How do you talk about an album like this? For a while I knew I that I wanted to write this review on the album’s 10th, anniversary as it’s a clear favorite of mine, but this one is especially hard to write about. What route do I go? Do I write sentimentally or objectively? Do I attack the bandwagoners who listen to this album once and never explore the rest of his work but still praise him? Do I also attack the cynical assholes who say that Dilla only gets praised because he died? Do I lament his death and let it overshadow the music? Do I not talk about it at all? I definitely don’t want to dwell on his passing too much, but I will say this: the loss of Dilla cuts to my heart like no other death does, and it’s not just because he’s a huge inspiration and I adore his music. Maybe it’s the image of him with a breathing mask on, laid up in a hospital bed, spending his final days making this album for us that gets me. Maybe it’s the look on ?uestlove’s face whenever he talks about him interviews, and acknowledges him as his hero. Maybe it’s the fact that he was only 31. I know it’s cliche, but why did J Dilla have to die while people like James Holmes are still alive? It’s bullshit and I’ll never understand.
But “Donuts” isn’t about that. Despite Dilla’s condition, this album doesn’t wallow in misery and impending death. In fact, it’s a celebration of life, love, and especially the magic of music. Just look at Jay’s bashful smile on the album cover, looking like you just complimented his beats and he’s turning his eyes away from you saying “nah, man” with a knowing smile. And then you open the case and you see the cartoony drawing of doughnuts, and then get embraced by the sounds of the opening tracks. “Embraced.” That’s a good word. This album is like a warm hug, so comforting, so celebratory of life. Of course, it’s all a little bittersweet, especially the track “Don’t Cry” which sounds like a message to his grieving mother and never fails to get me all choked up. But despite the feelings of grief you may feel during this album, “Donuts” is filled with so much love at its core that it trumps sadness. With this album Dilla overcame death. This is an album that sidesteps labels, but surprisingly life affirming is one that sticks.
But for all of the backstory and weight this album has, it’s really all about the music. And the music is so fucking good. Dilla was a master crate digger, and this album sees him working with basically nothing but samples (usually of the obscure soul variety), and finding dope loops and sounds, and then quickly moving on to the next one. There’s 31 tracks here, each running about a minute and a half in length, so there’s a lot of ideas presented and it risks being disjointed. However, with each song flowing immediately into the next, the album feels like one big experience instead of a bunch of ideas thrown together. That would even be okay, considering that every idea here is dope as hell. Check out the groove on “Workinonit” and the awesome vocal sample that repeats the title. Check out the strangely catchy wordless vocal samples on tracks like “Waves” and “Airworks.” Check out the shot of space after that vocal sample on “Airworks.” Check out the way the music literally stops for a split second in the song “Stop!” Check out the ridiculously catchy “Two Can Win” with that heavenly falsetto. Check out the dusty, dirty drums all over this album. “Donuts” is so packed with fantastic music that describing these songs becomes impossible. But just know this: this album at points takes me to places very few albums can, and it does it with deceptively simple and short songs. “Two Can Win” just melts me and sends me to heaven, and the grooves on nearly every track make get me moving every time, and snapping my fingers and making that face like I smelled something really bad. (When in fact, I’m just listening to Dilla’s hard ass grooves.)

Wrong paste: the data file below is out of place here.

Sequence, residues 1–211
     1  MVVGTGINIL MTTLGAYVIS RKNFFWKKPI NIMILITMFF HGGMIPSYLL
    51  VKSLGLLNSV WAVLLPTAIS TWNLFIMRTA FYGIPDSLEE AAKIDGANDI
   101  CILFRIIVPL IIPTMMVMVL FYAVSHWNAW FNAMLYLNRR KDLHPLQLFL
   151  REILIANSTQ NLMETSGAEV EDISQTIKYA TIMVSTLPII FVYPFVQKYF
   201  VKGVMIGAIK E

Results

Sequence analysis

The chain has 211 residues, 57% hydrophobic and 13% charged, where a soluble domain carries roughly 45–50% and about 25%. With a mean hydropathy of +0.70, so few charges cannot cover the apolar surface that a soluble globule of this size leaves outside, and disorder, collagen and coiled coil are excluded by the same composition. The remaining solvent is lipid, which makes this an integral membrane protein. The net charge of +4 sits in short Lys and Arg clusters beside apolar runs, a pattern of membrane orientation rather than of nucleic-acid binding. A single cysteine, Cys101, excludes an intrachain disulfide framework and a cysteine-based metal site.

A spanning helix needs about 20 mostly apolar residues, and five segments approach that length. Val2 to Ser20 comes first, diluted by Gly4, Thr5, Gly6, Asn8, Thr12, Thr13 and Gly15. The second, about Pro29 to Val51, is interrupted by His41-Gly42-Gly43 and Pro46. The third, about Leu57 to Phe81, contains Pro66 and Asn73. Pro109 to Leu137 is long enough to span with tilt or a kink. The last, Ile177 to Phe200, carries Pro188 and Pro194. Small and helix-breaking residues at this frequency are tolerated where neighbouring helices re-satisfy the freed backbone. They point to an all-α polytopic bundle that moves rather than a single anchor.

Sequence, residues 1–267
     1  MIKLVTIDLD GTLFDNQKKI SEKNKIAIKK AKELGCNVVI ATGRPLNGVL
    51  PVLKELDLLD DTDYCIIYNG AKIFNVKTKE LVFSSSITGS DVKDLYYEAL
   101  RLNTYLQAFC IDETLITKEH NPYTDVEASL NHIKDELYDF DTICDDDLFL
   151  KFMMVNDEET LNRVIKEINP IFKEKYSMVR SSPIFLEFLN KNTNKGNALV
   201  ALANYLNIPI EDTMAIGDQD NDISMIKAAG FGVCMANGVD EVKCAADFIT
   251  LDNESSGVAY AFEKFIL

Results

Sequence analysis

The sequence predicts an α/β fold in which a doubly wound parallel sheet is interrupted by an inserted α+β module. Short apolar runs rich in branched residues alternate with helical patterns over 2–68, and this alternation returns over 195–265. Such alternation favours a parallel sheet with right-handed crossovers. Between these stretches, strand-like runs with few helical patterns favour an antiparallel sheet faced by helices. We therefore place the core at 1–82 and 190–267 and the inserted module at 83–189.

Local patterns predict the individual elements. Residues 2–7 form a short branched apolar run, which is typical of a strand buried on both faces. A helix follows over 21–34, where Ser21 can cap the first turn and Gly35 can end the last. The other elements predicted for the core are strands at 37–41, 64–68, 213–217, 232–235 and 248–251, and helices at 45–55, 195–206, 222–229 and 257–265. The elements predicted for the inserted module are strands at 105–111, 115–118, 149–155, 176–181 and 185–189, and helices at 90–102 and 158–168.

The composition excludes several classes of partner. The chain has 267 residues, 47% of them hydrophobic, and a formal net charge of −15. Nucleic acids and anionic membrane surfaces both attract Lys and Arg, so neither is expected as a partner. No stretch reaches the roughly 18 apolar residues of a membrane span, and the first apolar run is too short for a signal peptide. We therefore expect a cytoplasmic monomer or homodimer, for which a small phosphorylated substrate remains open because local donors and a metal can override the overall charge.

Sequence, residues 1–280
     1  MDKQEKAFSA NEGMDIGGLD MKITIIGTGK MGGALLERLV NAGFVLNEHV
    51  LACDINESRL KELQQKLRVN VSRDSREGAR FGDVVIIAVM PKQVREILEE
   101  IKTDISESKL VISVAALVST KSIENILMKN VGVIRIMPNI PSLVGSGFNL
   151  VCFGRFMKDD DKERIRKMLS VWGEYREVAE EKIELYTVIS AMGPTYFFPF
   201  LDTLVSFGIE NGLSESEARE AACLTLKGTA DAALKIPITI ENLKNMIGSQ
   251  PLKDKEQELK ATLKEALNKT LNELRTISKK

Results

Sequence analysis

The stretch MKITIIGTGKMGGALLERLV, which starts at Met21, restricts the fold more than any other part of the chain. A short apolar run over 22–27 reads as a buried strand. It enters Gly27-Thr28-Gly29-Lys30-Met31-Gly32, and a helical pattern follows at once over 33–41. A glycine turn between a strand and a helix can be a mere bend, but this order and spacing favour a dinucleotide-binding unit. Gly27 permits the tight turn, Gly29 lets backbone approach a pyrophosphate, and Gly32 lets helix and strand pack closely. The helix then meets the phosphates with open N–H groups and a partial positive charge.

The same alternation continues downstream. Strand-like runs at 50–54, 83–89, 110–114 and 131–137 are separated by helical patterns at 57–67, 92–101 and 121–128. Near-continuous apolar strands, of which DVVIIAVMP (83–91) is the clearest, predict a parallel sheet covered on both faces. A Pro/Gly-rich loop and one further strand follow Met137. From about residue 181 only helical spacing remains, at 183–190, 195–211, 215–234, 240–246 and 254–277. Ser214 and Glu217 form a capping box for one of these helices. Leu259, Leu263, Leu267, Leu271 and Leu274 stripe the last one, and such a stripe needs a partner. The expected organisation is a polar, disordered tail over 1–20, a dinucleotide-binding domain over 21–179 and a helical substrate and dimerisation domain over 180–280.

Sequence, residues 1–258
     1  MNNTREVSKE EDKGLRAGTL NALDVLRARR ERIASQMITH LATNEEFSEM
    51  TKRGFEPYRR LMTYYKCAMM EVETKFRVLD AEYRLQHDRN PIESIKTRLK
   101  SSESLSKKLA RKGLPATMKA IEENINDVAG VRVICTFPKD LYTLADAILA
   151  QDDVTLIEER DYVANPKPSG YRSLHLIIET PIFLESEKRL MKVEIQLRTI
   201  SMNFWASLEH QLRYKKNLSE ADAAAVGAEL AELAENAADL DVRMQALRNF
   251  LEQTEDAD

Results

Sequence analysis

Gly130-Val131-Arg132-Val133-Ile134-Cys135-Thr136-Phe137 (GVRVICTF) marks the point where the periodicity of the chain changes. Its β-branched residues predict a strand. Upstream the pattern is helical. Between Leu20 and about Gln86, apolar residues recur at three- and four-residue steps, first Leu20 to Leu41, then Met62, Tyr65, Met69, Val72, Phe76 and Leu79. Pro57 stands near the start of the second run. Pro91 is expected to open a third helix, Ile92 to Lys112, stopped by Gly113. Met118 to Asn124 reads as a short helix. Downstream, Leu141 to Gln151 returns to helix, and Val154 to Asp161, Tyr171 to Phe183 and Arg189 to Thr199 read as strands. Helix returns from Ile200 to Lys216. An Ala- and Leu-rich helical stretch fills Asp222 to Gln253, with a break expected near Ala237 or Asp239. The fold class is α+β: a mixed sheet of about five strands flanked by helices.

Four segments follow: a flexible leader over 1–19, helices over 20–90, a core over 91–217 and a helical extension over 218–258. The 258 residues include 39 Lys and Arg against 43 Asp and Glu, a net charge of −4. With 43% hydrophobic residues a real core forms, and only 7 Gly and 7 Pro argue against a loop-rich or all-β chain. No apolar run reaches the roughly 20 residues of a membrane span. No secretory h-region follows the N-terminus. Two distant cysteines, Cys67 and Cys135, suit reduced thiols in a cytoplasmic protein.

“Donuts” is one of the most beautiful albums ever made. It’s so full of life, so full of magic, and so full to the brim with great music that resistance becomes futile. Obviously, some people like myself love it more than others, but this is one of those universal albums. No album this loving can be looked down upon by someone. And people can be assholes and say that we only like it because he died, and I’ll just casually tell them to fuck off. Regardless, Dilla didn’t die. He simply went to the place his music came from. And you know he’s up there cuttin’ up samples for Pac and Biggie and ODB, and you just know they love it. I mean, who wouldn’t? It’s Dilla, man.
My Favorite Tracks: “Workinonit’ “Waves” “Light My Fire” “Stop!” “People” “Time: The Donuts of the Heart” “Lightworks” “Two Can Win” “Don’t Cry” “Anti-American Graffiti” “Gobstopper” “One for Ghost” “Bye.”